Noel Coward was, and still is known for his fast wit, and for snappy dialogue in his writing, and Hay Fever is one of his most enduring works. But it’s difficult to follow a conversation when the dialogue is too fast.
Unfortunately, that’s what’s taking place on stage right from the start. The actors playing siblings Sorel and Simon Bliss conspire, with the runaway pace of their ‘conversation’ to immediately weaken the whole production.
Hay Fever has a slim plot at best, and from the start, one is straining to fathom what’s taking place, never mind comprehending the dynamics between the two characters. Scarcely is one statement out of an actor’s mouth, than the response comes without a beat. Boom. The next response follows in a flash, and then bang, back. And the response. It’s not hay fever, it’s fever pitch. They simply need to slow down, and pace their dialogue more naturally, because the effect is indeed farcical – but not in the way Noel Coward intended.
Because of this flawed start, all that follows suffers, as it takes some time, and the introduction of a few more characters, for the ping-pong pace of the dialogue to slow to one where Coward’s sly, witty and often insightful one liners can begin to be appreciated, and illuminate the evolving story and characters.
Although this is a light piece, given the Lyceum’s recent bold innovations in staging with the likes of The Suppliant Women and Picnic at Hanging Rock, the set is oddly static and unadventurous. The use of what can only be described as a big picture woven into a carpet as the stage entrance to the unseen garden just looks wrong. It’s as if there was no budget left for a set of french doors, and a painted backdrop beyond them, and the few lighting changes that take place do little to add to period or mood.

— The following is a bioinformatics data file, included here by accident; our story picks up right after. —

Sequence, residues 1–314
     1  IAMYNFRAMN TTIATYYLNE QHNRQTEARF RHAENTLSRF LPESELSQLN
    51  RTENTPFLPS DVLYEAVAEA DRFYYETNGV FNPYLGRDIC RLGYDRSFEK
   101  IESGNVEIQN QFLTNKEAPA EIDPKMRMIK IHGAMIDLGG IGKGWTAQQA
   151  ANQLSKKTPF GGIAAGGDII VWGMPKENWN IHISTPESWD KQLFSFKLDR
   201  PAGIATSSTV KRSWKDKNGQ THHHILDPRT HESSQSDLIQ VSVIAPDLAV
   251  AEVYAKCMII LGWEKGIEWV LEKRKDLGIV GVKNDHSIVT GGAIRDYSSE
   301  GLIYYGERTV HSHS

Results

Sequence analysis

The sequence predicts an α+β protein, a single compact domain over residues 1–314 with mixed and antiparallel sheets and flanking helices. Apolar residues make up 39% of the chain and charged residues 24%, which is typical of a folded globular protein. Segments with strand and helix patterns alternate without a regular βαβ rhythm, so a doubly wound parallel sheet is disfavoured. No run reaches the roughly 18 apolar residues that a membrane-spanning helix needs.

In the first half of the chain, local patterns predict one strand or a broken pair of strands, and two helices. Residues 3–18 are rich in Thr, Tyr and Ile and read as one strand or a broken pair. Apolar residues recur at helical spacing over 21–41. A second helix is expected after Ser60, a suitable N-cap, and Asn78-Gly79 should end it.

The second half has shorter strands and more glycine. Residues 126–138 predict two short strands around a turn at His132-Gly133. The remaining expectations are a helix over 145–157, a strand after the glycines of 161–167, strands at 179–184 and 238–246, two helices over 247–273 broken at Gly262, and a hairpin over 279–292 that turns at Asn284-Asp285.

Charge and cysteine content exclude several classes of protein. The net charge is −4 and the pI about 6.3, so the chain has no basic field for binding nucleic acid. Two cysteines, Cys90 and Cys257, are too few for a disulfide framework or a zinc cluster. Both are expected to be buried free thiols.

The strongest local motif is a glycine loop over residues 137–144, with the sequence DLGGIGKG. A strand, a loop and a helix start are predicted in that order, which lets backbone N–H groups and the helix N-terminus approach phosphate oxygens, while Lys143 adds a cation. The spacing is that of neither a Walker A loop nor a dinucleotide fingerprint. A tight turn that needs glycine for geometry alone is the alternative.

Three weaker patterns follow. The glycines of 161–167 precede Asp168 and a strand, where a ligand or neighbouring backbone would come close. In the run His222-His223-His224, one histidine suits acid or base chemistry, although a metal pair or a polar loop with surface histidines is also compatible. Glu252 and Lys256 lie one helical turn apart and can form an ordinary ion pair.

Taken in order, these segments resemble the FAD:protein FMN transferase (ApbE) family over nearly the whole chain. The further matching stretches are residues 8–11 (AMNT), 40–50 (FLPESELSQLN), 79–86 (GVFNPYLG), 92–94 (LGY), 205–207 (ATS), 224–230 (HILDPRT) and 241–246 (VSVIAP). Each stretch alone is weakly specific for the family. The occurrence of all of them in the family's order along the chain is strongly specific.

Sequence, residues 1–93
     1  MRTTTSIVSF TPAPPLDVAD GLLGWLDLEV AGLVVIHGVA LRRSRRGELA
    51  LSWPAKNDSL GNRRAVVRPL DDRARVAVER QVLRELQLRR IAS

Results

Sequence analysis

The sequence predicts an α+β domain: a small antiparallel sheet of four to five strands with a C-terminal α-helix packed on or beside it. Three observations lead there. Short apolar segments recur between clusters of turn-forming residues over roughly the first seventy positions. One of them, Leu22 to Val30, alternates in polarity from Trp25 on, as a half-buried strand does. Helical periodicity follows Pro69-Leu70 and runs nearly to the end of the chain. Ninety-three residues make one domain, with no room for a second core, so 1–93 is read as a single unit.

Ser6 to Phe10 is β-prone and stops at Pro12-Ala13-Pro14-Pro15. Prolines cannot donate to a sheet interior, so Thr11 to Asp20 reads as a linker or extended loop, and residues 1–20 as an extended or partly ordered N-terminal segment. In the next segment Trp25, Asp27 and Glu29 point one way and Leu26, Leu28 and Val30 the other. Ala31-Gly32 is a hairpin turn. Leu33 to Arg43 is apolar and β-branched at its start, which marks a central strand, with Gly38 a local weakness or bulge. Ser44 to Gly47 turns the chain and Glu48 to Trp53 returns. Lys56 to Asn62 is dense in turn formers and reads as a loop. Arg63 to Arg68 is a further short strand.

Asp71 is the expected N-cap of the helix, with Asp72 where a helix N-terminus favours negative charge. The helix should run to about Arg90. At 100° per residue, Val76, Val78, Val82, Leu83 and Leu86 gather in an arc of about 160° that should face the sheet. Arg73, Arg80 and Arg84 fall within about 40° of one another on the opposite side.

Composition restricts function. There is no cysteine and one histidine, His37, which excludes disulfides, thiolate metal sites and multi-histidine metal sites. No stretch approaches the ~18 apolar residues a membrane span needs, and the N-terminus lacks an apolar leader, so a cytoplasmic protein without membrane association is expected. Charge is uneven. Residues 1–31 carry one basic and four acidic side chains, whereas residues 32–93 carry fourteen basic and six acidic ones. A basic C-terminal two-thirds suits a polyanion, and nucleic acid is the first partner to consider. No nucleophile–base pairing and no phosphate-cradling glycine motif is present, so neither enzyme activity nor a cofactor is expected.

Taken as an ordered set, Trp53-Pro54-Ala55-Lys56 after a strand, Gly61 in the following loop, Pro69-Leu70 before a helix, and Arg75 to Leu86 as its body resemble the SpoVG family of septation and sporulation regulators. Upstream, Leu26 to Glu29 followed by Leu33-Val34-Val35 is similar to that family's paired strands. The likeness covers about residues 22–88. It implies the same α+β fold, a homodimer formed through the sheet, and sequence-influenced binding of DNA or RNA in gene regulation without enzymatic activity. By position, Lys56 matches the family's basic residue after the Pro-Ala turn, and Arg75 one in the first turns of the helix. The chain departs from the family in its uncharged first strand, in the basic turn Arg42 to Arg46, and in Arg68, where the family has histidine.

It’s disappointing to have to say that this production sounds, looks and feels very flat, and with the exception of a few highlights, such as the incredibly well staged and painfully funny ‘non conversation’ between Richard Greatham and Jackie Coryton, it never really rises above being just pleasantly amusing. The charming, and beautifully lit interlude of Myra McFadyen as housekeeper Clara singing twenties’ songs as a set change takes place in the second act lifts things considerably, and aside from being a nice commentary on the characters in the play, also places the piece far better into the context of its period. But overall, there’s an absence of any real flair and joy that marks out a remarkable production.
There are, however, still moments of great humour, and when there’s an unplanned accident with a tray holding breakfast food being knocked for six, the stoic recovery of the actors who have to eat food which has clearly just been scattered all over the floor was quite brilliant. This was greatly appreciated by an audience which had by then warmed far more to the humour of the play – and it’s always easier to please an audience after the interval. But when the most memorable highlight of an evening at the theatre is the actors’ recovery from a prop failure, you have to look back and say that the rest was in comparison, simply disappointing.
So sadly, this is not a production I’d recommend you invest in an evening watching. It is left wanting in too many ways, and is a lapse from recent great form in productions at the Lyceum. You will enjoy in particular the characters of Myra and Judith. You will certainly have had a few little chuckles, but you will hardly consider that you have really been entertained. The appeal here should be an evening enjoying a cracking performance of a classic farce, but this is simply short of the mark all round.
Click to book tickets for Hay Fever today
Lyceum Theatre Edinburgh
10 March – 1 April 2017 7:30pm, Matinees Wed & Sat: 2pm 2hr30m approx including one interval